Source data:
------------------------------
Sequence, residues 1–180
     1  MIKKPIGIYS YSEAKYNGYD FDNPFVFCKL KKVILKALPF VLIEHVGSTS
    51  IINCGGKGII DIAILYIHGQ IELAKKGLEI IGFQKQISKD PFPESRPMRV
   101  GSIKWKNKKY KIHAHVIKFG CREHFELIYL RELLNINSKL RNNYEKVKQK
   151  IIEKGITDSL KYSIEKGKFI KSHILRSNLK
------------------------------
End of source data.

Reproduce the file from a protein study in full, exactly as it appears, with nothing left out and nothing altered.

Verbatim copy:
Sequence, residues 1–180
     1  MIKKPIGIYS YSEAKYNGYD FDNPFVFCKL KKVILKALPF VLIEHVGSTS
    51  IINCGGKGII DIAILYIHGQ IELAKKGLEI IGFQKQISKD PFPESRPMRV
   101  GSIKWKNKKY KIHAHVIKFG CREHFELIYL RELLNINSKL RNNYEKVKQK
   151  IIEKGITDSL KYSIEKGKFI KSHILRSNLK